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Reviewed by:
  • Romanticism, Memory, and Mourning by Mark Sandy
  • Samantha Matthews
Romanticism, Memory, and Mourning. By Mark Sandy. Farnham: Ashgate, 2013. Pp. viii, 188. Cloth, $149.95.

This philosophical and formalist study of grief, loss, posthumousness, and posterity in Romantic poetry boldly addresses the contemporary demand for "relevance" by claiming resonance with our era's preoccupation with "grief, ageing, and its own demise" (p. 1). Sandy's thesis is that elegiac Romantic poetry's striving for consolation for multiple losses (private and public, retrospective and prospective) is subject to questioning that concludes in "disconsolation" and skepticism. Sandy relates his project to work by Jeremy Tambling, Andrew Bennett, and Esther Schor, but eschews the "psychopathology of Romantic grief" (p. 2) and "cultural materialist discourses of history" (p. 13), in favour of an existential approach informed by Friedrich Nietzsche, Jacques Derrida, Paul de Man, and Martin Heidegger. Here death is the defining term of life, emotion, and writing. It is "the final silence … that challenges poetry's eloquent capacity for meaning and signifies the end of its own linguistic existence," unspeakable, unthinkable, inevitable (p. 1). [End Page 169]

Romanticism, Memory, and Mourning seeks to make a decisive intervention in the field. It aims at comprehensive coverage; chronologically arranged author studies of William Blake, William Wordsworth, Samuel Taylor Coleridge, Charlotte Smith, Felicia Hemans, Lord Byron, Percy Bysshe Shelley, John Keats, and John Clare conclude with an argument for Romantic and Victorian continuities. For Sandy, Blake's poetry seldom deals directly with personal grief, but is "essentially elegiac" (p. 13) in dramatizing a "profound awareness of loss" (p. 21) as inherent to humanity's fallen spiritual state. Readings of "Simon Lee," Michael, and The Ruined Cottage "complicate and disrupt [Wordsworth's] consolatory vision of a circulation of grief" (p. 33); Sandy's Wordsworth is a religious skeptic, whose poetry reveals "a contingent reality of absence, fragmentation, transience, and broken relations" (p. 34). Coleridge's search for company in the conversation poems ends in intensified "isolation, fear, vacancy, absence, and death" (p. 14), while suggestive commentary on seascapes and shipwrecked subjects leads to the conclusion that Hemans and Smith "self-consciously question poetic convention and ascribed gender roles" in their encounters with loss and grief (p. 16). The account of ruins, history, and posthumous reputation in Childe Harold's Pilgrimage and Manfred is Sandy's most Nietzschean analysis (Byron's heroes ventriloquize aphorisms from Untimely Meditations). Sandy revisits the allegorical treatment of existential insights as dangerous sea voyages in discussing Shelley's Alastor and "Lines Written among the Euganean Hills." In Endymion, Isabella, the "Hyperion" poems, and several odes, Sandy finds a dark "Dionysian reality" behind Keats's "illusory … Apollonian dream" (p. 130). Clare's challenge is to sidestep nostalgia for a lost rural past in recreating powerful emotional landscapes, but Sandy finds instead "landscapes of mourning" (p. 132). The concluding pursuit of a "melancholy" Romantic nightingale through poems by Matthew Arnold; Alfred, Lord Tennyson; Thomas Hardy; Gerard Manley Hopkins; and William Butler Yeats finds an enduring "tragic consciousness of loss" (p. 168) that affirms the strong legacy of Romantic grief poetics.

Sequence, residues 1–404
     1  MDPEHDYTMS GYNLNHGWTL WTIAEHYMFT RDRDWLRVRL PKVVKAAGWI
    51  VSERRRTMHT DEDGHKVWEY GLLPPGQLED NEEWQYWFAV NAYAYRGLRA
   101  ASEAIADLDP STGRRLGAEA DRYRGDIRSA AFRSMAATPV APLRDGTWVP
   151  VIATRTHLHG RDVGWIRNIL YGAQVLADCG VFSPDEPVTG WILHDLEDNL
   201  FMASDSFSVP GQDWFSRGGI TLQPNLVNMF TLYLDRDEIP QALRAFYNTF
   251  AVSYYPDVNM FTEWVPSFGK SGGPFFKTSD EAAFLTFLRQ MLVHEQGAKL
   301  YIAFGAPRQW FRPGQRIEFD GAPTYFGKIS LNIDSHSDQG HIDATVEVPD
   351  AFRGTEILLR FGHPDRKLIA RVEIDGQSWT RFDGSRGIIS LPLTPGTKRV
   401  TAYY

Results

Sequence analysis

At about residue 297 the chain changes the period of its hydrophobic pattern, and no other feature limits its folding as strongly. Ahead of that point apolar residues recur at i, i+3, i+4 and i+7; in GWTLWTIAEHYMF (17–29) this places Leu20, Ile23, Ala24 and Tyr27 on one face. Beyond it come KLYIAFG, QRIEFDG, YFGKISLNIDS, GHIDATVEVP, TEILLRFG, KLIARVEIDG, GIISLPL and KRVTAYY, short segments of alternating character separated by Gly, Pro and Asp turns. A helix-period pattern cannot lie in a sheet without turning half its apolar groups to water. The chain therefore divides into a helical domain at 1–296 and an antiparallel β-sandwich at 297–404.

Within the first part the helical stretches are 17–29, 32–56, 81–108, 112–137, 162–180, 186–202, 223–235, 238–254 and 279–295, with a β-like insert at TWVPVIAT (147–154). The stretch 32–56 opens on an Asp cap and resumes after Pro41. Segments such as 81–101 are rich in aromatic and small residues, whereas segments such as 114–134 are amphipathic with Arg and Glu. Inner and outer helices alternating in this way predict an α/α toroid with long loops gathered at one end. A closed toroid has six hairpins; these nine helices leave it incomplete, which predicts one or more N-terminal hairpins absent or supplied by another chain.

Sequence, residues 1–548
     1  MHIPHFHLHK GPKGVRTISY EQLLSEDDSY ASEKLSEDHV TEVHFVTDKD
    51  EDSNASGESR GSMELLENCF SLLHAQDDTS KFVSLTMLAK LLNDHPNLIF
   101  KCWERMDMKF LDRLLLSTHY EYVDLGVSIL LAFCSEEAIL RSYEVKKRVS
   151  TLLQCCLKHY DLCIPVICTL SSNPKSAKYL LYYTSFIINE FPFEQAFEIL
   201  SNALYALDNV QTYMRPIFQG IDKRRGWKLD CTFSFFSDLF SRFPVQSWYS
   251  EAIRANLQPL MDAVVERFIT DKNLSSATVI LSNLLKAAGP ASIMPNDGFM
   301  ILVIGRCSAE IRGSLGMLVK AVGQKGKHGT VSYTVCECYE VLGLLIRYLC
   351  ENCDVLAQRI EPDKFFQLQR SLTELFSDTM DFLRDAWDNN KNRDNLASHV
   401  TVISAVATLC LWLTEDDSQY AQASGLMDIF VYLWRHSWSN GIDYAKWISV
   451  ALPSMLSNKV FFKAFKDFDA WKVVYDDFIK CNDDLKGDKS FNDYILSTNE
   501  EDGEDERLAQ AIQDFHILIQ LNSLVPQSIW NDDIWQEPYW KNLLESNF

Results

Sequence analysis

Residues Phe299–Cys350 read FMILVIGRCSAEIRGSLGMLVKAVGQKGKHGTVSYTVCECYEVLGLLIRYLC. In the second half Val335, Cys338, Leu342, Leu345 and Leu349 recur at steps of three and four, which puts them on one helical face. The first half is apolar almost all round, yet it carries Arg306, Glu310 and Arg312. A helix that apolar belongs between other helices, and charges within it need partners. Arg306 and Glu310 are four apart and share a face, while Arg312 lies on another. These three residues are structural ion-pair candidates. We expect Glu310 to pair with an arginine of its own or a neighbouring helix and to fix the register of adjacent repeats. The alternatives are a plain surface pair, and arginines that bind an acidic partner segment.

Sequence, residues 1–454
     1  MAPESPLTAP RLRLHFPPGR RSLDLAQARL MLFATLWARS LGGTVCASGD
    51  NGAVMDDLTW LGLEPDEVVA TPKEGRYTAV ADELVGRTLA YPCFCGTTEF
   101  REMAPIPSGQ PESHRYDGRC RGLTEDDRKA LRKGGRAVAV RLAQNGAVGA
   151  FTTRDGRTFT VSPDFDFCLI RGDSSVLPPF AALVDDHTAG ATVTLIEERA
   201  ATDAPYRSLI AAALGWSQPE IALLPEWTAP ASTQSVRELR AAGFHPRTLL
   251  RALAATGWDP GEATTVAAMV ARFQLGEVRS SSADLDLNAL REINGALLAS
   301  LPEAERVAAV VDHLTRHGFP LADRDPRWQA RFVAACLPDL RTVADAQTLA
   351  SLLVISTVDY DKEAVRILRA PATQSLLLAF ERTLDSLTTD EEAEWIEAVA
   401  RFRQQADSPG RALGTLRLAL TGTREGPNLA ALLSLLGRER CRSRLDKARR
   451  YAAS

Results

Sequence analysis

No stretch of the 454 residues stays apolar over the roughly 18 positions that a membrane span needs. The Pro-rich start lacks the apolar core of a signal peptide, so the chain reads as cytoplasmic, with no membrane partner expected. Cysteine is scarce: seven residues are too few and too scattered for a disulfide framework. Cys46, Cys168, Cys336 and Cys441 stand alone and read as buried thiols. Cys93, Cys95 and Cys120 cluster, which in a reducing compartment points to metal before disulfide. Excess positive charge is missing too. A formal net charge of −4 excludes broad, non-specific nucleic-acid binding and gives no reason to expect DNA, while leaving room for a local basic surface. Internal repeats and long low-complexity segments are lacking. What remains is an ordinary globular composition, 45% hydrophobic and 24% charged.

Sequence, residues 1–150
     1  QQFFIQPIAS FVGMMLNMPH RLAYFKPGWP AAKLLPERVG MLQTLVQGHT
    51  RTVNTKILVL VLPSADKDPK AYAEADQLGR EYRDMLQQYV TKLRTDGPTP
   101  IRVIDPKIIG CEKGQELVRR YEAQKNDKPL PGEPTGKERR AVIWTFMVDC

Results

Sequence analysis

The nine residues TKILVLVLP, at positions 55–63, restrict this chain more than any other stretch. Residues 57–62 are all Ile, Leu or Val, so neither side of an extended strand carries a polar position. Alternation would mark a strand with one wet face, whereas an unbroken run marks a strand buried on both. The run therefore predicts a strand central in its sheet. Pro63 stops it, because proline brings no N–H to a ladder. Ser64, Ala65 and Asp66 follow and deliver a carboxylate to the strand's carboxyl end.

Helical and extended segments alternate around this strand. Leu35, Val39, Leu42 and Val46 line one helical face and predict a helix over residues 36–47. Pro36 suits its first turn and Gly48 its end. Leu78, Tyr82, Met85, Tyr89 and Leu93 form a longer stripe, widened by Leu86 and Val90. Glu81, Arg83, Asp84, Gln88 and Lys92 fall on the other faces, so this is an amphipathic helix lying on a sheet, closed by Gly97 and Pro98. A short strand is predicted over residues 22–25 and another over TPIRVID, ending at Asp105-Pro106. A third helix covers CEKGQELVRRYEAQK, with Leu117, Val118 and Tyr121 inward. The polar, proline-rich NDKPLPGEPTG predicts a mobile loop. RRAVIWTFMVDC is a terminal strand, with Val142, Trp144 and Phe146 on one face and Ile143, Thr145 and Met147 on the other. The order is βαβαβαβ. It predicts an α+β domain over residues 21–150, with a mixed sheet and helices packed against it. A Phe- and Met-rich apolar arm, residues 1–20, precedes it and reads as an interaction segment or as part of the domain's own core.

The Nietzschean and existential leave a strong imprint on Sandy's critical prose and argument. The premise that Romantic poets are caught in a bind where creativity and love are predicated on death and mourning generates a pervasive rhetoric of paradox and ambivalence. Sandy is an expert and subtle close-reader, but his readings and conclusions become predictable. A poem does "both" one thing "and yet also" (often "paradoxically") its opposite; one thought or emotion is "bound up with" its inverse. This subtlety can be responsive to individual poems' complexity, but it also homogenizes; the oeuvres of Blake and Keats, or of Coleridge and Clare, appear more similar than the reader knows them to be. The argument is overdetermined, so that in each chapter it is only a matter of time before all "terminates in grief and the grave" (p. 113). Tellingly, the keyword "grief" occurs in the titles of all nine chapters—a unifying pattern, but monotonous in effect. If happiness writes white, grief writes grey.

Critical studies of mourning in poetry typically concentrate on elegy, but to [End Page...


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